Is everybody familiar with the way character is designated along the moral spectrum in the fantasy role-playing game Dungeons & Dragons? The categories are: lawful good (eg Abe Lincoln), chaotic good (eg Robin Hood), lawful neutral, chaotic neutral, lawful evil (eg Hitler), and chaotic evil. It's an interesting perspective to apply to mystery protagonists and their worlds. Police procedurals usually feature lawful good protagonists: cops who play more or less by the rules and bring the bad guys in. Private eyes tend to be chaotic good: they break the rules to bring the bad guys in--or take them down. Robert B. Parker's Spenser is a good example: he kills at least one bad guy in every book and never suffers any consequences: but there's never any doubt about the bad guy's badness. TV's Jack Bauer on "24" is an even better chaotic good. He kills whomever he has to to save the world. Chaotic neutrals may be the most interesting characters. Donald Westlake's Dortmunder is a chaotic neutral. So is Lawrence Block's Bernie Rhodenbarr. Hannibal Lecter is chaotic evil. Margaret Maron's Judge Deborah Knott is lawful good. Sara Paretsky's V. I. Warshawski is chaotic good. Where would you place Sharon McCone? Kate Shugak? Anita Blake? Dexter?

Sometimes a character is more moral than his environment. Donna Leon's Commissario Brunetti is lawful good. He always detects the villain. But Leon's Venice--her whole Italy--is so corrupt that the bad guy is hardly ever brought to justice. Where would you place your favorite protagonists? What's your favorite moral stance in fiction? Do you prefer your noir heroes chaotic neutral or chaotic good? Do you admire a chaotic good sleuth more or less than a lawful good?


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Comment by EDWARD C MORGAN on March 15, 2007 at 1:23pm
I have to say in my own fiction, I explore, umm, I guess it is chaotic good? I'm not sure.

My stories tend to explore themes such as "committing an act of evil to achieve a means of good." I've always been fascinated by the thought that the end justifies the means.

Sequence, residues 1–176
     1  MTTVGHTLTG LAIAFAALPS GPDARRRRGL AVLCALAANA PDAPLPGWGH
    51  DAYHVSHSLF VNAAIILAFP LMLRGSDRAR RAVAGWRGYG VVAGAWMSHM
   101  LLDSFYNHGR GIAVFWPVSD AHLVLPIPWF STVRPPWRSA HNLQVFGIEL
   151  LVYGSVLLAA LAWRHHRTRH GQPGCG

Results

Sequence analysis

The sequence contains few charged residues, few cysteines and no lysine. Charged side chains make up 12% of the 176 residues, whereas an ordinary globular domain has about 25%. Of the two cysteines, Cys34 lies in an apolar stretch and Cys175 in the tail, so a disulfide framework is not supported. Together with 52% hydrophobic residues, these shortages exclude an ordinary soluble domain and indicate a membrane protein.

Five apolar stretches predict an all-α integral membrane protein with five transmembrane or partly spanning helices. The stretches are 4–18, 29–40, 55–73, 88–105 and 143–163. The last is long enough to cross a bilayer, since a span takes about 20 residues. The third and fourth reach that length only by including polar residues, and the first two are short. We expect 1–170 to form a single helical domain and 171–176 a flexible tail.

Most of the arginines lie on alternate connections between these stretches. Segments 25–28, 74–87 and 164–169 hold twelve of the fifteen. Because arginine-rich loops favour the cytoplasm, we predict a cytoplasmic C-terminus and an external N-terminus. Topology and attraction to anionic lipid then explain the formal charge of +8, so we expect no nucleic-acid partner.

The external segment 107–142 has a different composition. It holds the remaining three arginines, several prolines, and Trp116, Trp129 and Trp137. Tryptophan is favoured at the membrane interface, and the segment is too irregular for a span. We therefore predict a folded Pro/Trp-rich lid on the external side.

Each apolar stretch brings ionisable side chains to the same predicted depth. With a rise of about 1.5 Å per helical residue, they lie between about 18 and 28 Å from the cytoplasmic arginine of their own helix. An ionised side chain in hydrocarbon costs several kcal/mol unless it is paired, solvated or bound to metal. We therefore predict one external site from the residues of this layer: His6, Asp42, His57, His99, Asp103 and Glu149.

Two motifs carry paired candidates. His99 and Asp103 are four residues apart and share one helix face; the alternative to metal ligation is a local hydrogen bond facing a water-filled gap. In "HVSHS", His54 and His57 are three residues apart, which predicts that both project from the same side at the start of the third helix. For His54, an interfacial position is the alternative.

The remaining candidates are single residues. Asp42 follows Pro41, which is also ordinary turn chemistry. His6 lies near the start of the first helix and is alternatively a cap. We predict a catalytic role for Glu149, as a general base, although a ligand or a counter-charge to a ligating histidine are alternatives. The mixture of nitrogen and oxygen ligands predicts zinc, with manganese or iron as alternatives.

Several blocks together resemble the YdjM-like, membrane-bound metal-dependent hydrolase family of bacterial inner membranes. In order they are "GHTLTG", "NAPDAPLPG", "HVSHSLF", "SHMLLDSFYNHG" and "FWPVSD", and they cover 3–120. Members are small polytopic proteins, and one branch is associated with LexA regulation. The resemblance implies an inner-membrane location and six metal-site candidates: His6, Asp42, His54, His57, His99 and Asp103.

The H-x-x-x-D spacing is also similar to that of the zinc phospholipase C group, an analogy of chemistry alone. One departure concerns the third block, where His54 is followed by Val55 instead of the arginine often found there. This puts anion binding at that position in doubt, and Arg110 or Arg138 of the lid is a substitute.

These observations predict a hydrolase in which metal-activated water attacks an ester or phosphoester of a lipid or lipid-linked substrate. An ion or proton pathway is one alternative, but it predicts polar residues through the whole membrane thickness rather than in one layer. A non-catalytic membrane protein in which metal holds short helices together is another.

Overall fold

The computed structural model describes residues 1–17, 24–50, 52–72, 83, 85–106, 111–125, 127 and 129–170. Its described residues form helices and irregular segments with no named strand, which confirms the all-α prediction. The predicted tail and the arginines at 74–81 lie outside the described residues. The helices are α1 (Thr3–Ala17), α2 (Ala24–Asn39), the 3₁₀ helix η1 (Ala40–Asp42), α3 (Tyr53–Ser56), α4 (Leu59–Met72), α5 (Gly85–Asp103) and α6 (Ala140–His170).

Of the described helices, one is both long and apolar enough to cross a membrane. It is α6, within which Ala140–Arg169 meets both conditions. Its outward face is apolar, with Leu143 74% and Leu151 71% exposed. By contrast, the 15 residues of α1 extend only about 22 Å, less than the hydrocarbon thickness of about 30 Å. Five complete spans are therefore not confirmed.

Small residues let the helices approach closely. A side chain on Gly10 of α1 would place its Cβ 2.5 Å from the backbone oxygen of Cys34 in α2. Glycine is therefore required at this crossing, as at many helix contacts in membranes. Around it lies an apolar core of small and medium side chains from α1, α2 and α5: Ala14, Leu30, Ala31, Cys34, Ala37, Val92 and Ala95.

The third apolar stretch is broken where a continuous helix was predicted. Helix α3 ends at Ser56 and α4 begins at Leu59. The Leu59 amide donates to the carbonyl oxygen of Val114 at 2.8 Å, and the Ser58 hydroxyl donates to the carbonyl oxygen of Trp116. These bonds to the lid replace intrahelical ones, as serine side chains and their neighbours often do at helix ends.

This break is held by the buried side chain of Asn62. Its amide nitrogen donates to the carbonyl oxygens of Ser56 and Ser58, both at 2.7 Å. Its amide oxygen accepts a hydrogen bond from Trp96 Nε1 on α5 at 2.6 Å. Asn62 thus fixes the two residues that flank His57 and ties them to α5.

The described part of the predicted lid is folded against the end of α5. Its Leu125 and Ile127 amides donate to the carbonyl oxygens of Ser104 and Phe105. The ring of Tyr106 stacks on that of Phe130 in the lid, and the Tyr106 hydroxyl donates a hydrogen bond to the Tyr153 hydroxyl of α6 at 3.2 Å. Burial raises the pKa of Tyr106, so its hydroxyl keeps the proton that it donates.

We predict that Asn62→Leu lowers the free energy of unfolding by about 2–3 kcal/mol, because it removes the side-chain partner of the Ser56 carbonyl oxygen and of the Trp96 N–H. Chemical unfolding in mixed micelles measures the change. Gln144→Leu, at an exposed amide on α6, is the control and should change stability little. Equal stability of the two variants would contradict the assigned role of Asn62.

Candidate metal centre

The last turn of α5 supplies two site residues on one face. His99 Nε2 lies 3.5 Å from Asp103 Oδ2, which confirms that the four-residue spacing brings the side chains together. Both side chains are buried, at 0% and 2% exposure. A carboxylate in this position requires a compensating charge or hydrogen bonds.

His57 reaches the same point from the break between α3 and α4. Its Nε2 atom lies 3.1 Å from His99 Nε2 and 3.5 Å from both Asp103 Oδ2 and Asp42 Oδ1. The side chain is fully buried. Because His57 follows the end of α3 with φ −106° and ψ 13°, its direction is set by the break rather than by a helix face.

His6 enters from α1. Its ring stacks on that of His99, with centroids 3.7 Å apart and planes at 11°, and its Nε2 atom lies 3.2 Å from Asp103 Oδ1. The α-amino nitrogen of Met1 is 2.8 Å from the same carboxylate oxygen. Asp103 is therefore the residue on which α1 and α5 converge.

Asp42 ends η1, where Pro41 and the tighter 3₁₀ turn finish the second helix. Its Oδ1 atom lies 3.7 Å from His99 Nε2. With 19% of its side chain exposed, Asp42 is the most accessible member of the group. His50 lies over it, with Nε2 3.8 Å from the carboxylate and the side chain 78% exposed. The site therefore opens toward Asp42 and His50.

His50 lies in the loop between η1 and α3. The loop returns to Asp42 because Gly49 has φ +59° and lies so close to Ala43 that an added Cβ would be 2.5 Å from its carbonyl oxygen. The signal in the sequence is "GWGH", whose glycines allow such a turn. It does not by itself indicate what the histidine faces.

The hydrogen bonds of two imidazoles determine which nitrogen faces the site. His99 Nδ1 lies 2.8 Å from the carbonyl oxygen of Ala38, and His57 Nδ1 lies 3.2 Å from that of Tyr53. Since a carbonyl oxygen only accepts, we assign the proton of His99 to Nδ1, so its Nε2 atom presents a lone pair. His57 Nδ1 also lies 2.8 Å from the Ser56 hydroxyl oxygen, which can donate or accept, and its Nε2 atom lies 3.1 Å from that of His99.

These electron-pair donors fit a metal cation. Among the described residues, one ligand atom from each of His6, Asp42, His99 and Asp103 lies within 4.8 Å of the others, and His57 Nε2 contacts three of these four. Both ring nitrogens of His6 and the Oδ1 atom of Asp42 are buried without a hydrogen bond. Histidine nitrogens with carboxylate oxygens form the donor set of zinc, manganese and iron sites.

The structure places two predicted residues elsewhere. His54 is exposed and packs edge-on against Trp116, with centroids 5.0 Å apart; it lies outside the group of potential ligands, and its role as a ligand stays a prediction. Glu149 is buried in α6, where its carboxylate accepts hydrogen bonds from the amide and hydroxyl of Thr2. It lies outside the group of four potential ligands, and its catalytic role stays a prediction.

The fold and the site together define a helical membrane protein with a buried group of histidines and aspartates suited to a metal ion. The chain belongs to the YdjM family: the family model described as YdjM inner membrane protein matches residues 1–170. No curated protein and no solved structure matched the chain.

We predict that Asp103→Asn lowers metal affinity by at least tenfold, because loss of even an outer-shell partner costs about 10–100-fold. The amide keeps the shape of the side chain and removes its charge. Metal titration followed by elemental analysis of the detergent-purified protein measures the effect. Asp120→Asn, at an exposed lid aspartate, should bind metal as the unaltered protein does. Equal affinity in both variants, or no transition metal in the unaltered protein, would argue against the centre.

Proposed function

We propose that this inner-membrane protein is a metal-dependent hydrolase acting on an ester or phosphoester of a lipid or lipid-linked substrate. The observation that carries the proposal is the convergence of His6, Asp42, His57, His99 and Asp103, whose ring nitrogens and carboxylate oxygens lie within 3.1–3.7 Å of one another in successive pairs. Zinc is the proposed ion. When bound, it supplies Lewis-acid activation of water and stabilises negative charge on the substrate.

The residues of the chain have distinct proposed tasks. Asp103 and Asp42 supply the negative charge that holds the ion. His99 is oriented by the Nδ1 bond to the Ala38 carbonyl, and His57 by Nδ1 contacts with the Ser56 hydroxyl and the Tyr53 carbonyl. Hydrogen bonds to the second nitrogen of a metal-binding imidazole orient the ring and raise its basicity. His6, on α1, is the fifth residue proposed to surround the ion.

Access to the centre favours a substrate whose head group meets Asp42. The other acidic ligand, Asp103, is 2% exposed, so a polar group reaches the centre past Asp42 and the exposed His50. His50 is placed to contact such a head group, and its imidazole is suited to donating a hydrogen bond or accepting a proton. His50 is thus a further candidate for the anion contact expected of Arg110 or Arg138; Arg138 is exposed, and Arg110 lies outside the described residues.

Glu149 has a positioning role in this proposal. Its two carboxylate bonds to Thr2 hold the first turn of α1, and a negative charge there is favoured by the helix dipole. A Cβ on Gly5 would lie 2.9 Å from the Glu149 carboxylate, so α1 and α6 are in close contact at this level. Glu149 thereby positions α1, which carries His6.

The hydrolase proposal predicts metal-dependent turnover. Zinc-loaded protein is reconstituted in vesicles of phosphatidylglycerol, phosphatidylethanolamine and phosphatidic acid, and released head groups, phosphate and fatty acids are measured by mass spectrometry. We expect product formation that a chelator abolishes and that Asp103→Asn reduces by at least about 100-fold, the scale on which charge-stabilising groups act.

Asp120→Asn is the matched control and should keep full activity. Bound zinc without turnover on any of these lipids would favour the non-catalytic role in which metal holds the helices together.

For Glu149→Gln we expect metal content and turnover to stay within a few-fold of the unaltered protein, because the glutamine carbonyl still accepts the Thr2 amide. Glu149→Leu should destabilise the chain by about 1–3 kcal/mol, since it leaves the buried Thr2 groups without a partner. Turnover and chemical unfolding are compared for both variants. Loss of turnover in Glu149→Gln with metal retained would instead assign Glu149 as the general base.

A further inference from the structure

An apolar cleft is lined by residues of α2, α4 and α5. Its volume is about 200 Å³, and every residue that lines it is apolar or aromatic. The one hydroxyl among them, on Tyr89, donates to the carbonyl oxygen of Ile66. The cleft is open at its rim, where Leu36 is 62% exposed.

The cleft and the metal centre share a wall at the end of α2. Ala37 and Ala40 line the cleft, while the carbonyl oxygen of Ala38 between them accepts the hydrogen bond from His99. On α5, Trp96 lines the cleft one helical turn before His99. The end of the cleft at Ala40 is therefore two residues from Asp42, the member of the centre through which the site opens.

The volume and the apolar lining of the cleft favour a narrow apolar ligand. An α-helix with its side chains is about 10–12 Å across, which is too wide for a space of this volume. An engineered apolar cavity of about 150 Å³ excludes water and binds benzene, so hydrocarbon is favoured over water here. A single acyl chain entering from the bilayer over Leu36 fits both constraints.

Comment by Daniel Hatadi on March 15, 2007 at 9:13am
I shouldn't admit to understanding this, but ...

I'm partial towards chaotic evil or lawful neutral. Actually, no, screw that. I like all characters to have some kind of moral ambiguity about them. One of my favourite recent 'heroes' is Dexter, the good-guy serial killer. And the TV show is far superior to the novels.
Comment by Stephen Blackmoore on March 15, 2007 at 9:12am
The one thing that that doesn't really cover is amorality. You could say that neutral is completely self serving, but it doesn't really convey the same sense that amorality does. Being amoral doesn't necessarily mean that you're doing what's in your best interest. Why, yes, I am a geek. How could you tell?

I'm a big fan of chaos, which is ironic considering how ordered I like my life. But chaos to me has always implied a flexibility of thought that leads to creativity. It goes against the grain of established thinking. I wonder sometimes that if not for chaos would anyone have ever accomplished anything?

Why do kids grow up to be great entrepreneurs and inventors, experimenters of life? Because nobody told them they couldn't, and if they did, they didn't listen.
Comment by Christa M. Miller on March 15, 2007 at 7:56am
Wow. I have to think about this. My kneejerk is to say I prefer chaotic good, but that's only because I have a streak of Pollyanna. If I want to think as opposed to escape, I prefer chaotic neutral.

As for admiration, I'd have to say I regard both equally for different reasons. They both do the right thing despite odds (and maybe inclinations), but I don't think one is inherently "better" than another.

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